Previously, we began looking at recent events suggesting the possibility that there may eventually be a move to require businesses to provide paid family leave for employees. As we’ve previously mentioned, the Family and Medical Leave Act does require businesses to provide job-protected leave, but businesses are not required to do paid leave. This is left to states and individual businesses.
Another relatively recent development suggesting a possible move to paid family leave is a piece of guidance issued by the Equal Employment Opportunity Commission. Administrative guidance, to clarify, is non-binding advice concerning how the public can best remain in compliance with certain laws. The EEOC’s guidance dealt with a variety of federal laws, including the Family and Medical Leave Act and the Pregnancy Discrimination Act.
Although the EEOC’s guidance does not say that employers must provide paid leave, it does say that employers must provide equivalent benefits to both new mothers and new fathers, if benefits are provided beyond the period of leave attributable to physical recovery from childbirth. In other words, if new mothers are offered paid leave beyond that period of time, new fathers must also be provided similar paid leave. Again, the guidance is certainly not saying that the paid leave is required, because it isn’t under federal law, but only that there may be situations where federal law would require paid leave, at least in some measure.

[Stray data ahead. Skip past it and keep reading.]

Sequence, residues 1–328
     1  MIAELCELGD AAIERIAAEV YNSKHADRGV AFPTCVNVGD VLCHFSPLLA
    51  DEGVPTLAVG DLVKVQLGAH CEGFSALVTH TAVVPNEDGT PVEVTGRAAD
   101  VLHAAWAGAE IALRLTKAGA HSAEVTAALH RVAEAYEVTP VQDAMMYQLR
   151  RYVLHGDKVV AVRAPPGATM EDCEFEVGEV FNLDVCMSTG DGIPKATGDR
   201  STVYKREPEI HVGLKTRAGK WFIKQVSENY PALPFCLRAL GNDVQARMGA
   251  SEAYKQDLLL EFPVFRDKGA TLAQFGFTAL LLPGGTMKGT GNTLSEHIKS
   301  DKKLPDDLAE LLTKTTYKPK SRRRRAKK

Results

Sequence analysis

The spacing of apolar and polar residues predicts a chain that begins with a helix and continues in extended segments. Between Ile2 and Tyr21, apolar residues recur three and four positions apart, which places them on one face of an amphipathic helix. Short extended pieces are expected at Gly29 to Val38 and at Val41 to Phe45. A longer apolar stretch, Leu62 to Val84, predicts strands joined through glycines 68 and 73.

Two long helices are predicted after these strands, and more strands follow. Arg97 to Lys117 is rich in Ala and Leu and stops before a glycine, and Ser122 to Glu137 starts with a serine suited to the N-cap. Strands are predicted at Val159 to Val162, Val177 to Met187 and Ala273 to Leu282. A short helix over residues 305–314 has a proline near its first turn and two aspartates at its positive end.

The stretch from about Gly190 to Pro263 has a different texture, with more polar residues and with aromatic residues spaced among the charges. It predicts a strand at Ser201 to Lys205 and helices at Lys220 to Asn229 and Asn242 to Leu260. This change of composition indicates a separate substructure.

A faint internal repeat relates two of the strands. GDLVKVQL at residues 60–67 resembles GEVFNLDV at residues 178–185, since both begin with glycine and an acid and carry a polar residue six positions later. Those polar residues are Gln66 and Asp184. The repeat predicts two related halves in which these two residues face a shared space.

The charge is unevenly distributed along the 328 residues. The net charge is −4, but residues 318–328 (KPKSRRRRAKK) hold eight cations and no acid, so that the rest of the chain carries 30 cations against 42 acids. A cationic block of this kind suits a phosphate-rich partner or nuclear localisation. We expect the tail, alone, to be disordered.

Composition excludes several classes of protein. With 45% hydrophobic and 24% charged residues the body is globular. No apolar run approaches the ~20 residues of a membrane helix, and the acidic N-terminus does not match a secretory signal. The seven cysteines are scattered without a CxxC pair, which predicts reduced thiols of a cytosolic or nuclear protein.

It remains to be seen, of course, how efforts to require paid leave will pan out. In some ways, it may be more effective for advocates of paid leave to work on changing corporate culture and let the market influence those changes. In any case, employees should continue to be aware of their rights under federal and state law when it comes to family and medical leave, and should obtain help defending them when they are infringed.